Understanding the Mathematics behind Principal Component Analysis

Exploring PCA: Mathematical foundations, classification, and benefits and limitations

In this post, we’re going to learn the foundations of a very famous and interesting dimensionality reduction technique known as principal component analysis (PCA).

Specifically, we’re going to learn what principal components are, how data is concentrated within them, and learn about their orthogonality properties that make extraction of important data easier.

In other words, Principal component analysis (PCA) is a procedure for reducing the dimensionality of the variable space by representing it with a few orthogonal (uncorrelated) variables that capture most of its variability.

What is dimensionality reduction?

Reducing the dimensions of the feature space is called dimensionality reduction. Reduction of dimensions is needed when there are far too many features in a dataset, making it hard to distinguish between the important ones that are relevant to the output and the redundant or not-so important ones.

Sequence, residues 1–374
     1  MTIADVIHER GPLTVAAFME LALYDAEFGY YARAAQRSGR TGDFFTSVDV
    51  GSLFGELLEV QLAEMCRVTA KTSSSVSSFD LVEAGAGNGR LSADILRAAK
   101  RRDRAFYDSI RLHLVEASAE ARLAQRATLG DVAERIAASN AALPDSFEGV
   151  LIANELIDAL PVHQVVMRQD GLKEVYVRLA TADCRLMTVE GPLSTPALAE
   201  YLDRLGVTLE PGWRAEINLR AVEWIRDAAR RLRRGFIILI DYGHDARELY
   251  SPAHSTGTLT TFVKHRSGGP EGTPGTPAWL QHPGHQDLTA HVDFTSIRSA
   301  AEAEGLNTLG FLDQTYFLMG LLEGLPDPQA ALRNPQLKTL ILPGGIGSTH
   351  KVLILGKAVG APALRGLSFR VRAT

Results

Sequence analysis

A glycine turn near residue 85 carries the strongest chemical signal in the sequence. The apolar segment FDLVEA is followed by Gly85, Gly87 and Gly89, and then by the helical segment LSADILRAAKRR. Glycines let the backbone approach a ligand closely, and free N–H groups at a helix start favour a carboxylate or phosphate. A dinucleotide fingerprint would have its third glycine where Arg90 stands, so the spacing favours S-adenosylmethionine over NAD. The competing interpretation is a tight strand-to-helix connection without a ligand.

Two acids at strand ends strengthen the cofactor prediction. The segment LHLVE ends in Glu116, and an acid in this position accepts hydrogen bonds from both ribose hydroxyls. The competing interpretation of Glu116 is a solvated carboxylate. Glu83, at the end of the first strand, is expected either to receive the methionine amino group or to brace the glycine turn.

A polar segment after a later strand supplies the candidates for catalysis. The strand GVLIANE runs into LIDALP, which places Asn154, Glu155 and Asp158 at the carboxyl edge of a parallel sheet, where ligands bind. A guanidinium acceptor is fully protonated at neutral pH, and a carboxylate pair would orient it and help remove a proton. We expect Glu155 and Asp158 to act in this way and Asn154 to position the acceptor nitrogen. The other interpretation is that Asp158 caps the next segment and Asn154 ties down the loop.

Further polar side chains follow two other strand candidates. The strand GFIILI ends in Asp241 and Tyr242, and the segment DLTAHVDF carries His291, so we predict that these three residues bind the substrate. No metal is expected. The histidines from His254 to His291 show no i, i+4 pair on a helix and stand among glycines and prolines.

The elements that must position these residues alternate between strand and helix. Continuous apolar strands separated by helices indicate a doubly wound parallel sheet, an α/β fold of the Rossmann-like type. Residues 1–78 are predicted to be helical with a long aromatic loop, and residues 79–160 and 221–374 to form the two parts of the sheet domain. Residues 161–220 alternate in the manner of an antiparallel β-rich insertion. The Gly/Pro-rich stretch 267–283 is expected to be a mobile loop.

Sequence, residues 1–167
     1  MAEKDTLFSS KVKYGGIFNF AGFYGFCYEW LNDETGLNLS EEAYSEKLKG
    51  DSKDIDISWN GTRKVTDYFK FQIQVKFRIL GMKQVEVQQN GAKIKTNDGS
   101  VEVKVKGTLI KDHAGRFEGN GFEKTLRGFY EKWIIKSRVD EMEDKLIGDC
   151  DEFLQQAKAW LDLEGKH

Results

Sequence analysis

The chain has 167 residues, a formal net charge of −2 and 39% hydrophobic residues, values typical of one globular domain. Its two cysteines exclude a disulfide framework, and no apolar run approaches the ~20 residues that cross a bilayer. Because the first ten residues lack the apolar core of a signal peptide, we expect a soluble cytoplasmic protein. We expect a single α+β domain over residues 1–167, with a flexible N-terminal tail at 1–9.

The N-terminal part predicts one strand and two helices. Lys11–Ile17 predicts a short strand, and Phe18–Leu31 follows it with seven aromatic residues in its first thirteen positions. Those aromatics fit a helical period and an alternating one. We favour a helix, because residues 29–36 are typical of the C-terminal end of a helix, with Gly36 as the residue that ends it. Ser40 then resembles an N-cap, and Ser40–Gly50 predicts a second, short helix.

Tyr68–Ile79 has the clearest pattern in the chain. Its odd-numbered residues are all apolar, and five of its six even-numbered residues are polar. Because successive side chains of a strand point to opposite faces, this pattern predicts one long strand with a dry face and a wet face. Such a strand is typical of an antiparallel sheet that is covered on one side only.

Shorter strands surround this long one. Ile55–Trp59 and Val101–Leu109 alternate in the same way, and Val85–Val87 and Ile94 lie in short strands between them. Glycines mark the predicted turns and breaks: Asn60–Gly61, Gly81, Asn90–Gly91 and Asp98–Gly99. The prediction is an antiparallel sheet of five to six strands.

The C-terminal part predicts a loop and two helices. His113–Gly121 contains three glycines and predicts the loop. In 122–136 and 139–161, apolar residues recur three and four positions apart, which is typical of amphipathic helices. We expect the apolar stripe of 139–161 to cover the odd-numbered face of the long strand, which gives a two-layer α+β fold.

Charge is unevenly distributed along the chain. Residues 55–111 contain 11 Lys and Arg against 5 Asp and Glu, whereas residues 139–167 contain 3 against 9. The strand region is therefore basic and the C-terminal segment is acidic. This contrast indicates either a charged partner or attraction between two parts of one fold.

Disadvantages of having a large feature space

  1. More data is required to explore the vastly-broader feature space.
  2. The learning algorithm is motivated to learn a spurious structure due to redundant features and more noise, and thus, random structures may be introduced, and the model may overfit.
  3. The algorithm’s simplicity is lost and the principle of Occam’s razor is violated.

There are many ways to achieve dimensionality reduction, but most of these techniques fall into one of two classes:

  • Feature Elimination: Eliminating features to reduce the feature space. As a disadvantage, information is lost due to dropped features.
  • Feature Extraction: In feature extraction, we create K “new” independent variables, where each independent variable is a combination of each of the given old independent variables.

PCA Algorithm

Principal component analysis is a technique for feature extraction — so it combines our input variables in a specific way, at which point we can drop the least important variables while still retaining the most valuable parts of all of the variables. PCA results in developing new features that are independent of one another.

Steps involved in PCA